SPECS – Sensor: Not disclosed Sensor pixels: 16 megapixels Max recording resolution: 1080p (60fps) AV connections: Mini-HDMI Size (HxWxD): 40 x 23 x 60mm Weight: 84g Warranty: One-year RTB
8. Ion Air Pro 3 Wi-Fi
The Ion Air Pro 3 Wi-Fi takes a different design approach to most action cameras, with its long cylindrical body that makes it resemble a small telescope. Useful haptic vibrations let you know when it’s recording, perfect for when you can’t see the camera – such as when it’s mounted on a helmet. It’s also waterproof to 15m without the need to put it in a separate case. It has dropped in price drastically, meaning it can be had for less than £100, making it an absolute bargain.
SPECS – Sensor: 1/2.3in CMOS Sensor pixels: 16 megapixels Max recording resolution: 1080p (30fps) AV connections: Micro-HDMI Size (HxWxD): 21 x 53 x 111mm Weight: 177g Warranty: One-year RTB
9. GoPro Hero+ LCD
The GoPro Hero+ LCD is one of GoPro’s entry-level action cameras but it doesn’t skimp on some of the more useful features such as an LCD screen and app connectivity. The touchscreen LCD also allows for useful functions such as quickly trimming videos down in length for quick sharing on social media. Image quality is great for the money, too.
SPECS – Sensor: Not disclosed Sensor pixels: 8 megapixels Max recording resolution: 1080p (60fps) AV connections: None Dimensions (HxWxD): 54 x 70 x 37mm Weight: 127g Warranty: One-year RTB
Action camera buying guide
Shapes and sizes
Action cameras vary greatly in terms of design, and this affects the situations in which the cameras can be used and what kinds of mount are available. Mounts can range from helmet mounts, to chest mounts to adhesive mounts that attach to anything. Action cameras also differ in how ruggedised and water-resistant they are. Most of the cameras we test offer a degree of water resistance right out of the box, but some also come with a waterproof case that will allow you to take them to far greater depths. Such cameras make for great companions on scuba diving trips or even just larking about at the water park.
Action cameras can vary considerably in size and design depending on what they’re intended for. It’s therefore important to consider what kinds of activities you’ll want to record before you buy. In our reviews we discuss what mounts the camera comes with as standard, and if there are any optional mounts or accessories available. Some action cameras also have standard camera tripod threads, which means you can use them with third-party accessories or a tripod.
Most cameras will be able to shoot in 1080p/60fps at a minimum, although the more budget options might only provide 30fps. The frame rate will affect how smooth the resulting footage is. Some of the more high-end action cameras can shoot at 4K resolutions, but again it’s worth noting what frame rate is available. Some might limit you to a slightly jerky 15fps at their highest resolution. There are normally many resolution and frame rate combinations on offer.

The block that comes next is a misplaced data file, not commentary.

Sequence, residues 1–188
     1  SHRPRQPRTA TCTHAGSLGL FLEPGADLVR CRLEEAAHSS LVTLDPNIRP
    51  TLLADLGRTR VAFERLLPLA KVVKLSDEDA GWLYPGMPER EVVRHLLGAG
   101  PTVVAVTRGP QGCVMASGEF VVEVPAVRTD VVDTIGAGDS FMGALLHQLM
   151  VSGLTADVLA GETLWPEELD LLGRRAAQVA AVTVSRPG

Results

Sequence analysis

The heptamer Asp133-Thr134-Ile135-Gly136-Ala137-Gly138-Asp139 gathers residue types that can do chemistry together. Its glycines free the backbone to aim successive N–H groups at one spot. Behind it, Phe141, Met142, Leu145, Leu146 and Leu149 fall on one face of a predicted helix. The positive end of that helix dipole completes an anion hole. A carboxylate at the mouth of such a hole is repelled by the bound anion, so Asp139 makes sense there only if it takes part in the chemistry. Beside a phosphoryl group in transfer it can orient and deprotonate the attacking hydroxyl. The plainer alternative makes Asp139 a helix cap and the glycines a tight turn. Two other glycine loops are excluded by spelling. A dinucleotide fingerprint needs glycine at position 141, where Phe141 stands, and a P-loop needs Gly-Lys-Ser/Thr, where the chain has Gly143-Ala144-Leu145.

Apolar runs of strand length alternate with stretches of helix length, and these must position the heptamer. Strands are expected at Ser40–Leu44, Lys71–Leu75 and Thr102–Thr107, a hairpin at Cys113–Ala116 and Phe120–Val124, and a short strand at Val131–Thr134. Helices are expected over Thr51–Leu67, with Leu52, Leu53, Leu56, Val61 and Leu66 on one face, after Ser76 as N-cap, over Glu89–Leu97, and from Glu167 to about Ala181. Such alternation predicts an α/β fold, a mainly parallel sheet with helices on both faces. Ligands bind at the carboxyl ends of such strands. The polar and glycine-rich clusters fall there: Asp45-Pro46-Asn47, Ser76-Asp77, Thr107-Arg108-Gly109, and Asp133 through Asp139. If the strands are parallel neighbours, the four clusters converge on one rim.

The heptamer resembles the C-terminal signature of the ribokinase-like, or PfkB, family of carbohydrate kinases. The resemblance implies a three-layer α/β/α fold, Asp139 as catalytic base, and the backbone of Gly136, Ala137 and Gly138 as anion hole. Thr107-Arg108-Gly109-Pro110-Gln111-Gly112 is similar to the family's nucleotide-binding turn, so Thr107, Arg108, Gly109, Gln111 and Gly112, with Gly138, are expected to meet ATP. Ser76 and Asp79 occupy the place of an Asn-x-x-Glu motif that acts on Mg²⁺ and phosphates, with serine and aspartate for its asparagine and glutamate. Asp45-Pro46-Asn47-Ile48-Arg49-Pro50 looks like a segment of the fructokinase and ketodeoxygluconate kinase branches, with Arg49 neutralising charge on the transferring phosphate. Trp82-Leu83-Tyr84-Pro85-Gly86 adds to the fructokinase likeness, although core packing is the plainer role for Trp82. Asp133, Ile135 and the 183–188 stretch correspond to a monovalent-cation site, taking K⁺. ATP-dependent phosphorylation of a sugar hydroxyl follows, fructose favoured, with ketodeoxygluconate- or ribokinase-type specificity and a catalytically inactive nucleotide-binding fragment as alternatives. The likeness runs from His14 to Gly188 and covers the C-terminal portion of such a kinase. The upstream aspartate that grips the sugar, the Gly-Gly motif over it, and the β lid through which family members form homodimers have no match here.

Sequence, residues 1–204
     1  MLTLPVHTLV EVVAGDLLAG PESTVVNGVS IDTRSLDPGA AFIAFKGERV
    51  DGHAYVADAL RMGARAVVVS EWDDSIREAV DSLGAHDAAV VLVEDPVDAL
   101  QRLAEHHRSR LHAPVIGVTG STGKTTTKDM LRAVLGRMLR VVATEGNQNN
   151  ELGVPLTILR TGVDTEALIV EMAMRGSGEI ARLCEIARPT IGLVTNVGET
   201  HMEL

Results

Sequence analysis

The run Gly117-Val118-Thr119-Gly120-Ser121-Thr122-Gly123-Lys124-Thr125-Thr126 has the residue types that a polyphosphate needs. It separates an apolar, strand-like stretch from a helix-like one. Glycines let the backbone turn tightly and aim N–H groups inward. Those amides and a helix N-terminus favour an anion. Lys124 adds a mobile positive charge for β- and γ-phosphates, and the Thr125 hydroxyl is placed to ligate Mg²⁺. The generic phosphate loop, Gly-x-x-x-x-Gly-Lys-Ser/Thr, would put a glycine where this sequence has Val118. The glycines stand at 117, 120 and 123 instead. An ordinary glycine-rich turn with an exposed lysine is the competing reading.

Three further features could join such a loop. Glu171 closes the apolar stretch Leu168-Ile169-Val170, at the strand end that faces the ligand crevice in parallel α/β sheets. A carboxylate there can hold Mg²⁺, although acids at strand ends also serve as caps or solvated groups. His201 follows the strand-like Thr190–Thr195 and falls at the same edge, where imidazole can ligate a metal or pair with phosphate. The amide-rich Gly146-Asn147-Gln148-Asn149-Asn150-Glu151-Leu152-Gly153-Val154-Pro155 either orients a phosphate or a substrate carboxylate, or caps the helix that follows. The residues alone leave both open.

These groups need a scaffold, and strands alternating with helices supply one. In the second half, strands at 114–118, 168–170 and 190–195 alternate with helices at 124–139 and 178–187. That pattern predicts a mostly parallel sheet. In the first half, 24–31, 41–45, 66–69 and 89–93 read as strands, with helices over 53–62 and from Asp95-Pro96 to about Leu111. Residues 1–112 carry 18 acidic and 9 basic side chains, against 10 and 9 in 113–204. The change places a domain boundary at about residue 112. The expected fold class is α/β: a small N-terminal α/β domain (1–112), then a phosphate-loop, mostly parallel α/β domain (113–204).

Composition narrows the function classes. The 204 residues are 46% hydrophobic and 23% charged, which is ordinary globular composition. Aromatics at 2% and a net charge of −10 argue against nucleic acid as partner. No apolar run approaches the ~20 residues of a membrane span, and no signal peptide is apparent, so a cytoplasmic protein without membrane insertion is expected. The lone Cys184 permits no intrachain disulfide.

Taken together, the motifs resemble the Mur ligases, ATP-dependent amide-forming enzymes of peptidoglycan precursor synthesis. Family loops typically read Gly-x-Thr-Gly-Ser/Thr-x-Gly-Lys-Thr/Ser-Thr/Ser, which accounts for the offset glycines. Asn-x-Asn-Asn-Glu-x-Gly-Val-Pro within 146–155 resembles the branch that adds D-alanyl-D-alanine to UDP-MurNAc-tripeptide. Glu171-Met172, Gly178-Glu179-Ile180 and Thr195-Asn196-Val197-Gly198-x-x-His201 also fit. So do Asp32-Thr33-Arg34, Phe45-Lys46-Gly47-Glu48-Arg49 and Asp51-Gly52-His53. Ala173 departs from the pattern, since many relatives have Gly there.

If you want to create impressive slow-motion videos, some cameras will allow you to record at 100fps or even as high as 240fps if you’re willing to sacrifice some resolution. Slow-motion videos are useful if you plan on recording sport and want to critique form, or simply if you want to create fancy-looking videos to impress your friends.
Action cameras aren’t just good for recording video. You can also use them to capture still images where traditional cameras dare not venture. It’s worth taking a look at the megapixel rating of the sensor although you don’t need much for printing at smaller sizes and most will suffice for sharing on social media. Photos can also be compiled together to create a time-lapse effect, with some cameras have automatic exposures at various durations to achieve this.
Battery life is also going to be very important for an action camera. There’s little point lugging one around on your adventures if its battery won’t go the distance. We test the battery life of each camera while recording video constantly to give you an idea of what to expect. We also mention if the battery is user-replaceable, too, meaning you can carry a spare with you for longer adventures.
It’s worth noting that temperatures will affect battery life. More adverse conditions, particularly extreme cold, can impact battery performance. We do our testing in temperate London, but you might not see the same battery life we got, if you’re scaling the Alps in subzero temperatures, if in doubt buy an action cam that can take extra batteries and pack some for your trip.
Apps and controls
Some action cameras have controls on the unit to let you change settings, as well as colour displays to help you preview the footage you’ve taken. Others have very simple controls on the camera’s body, and rely on connecting over Wi-Fi to your smartphone to change settings such as the video record mode. These apps also often let you play back footage wirelessly on your phone; we discuss how well each app worked in our reviews.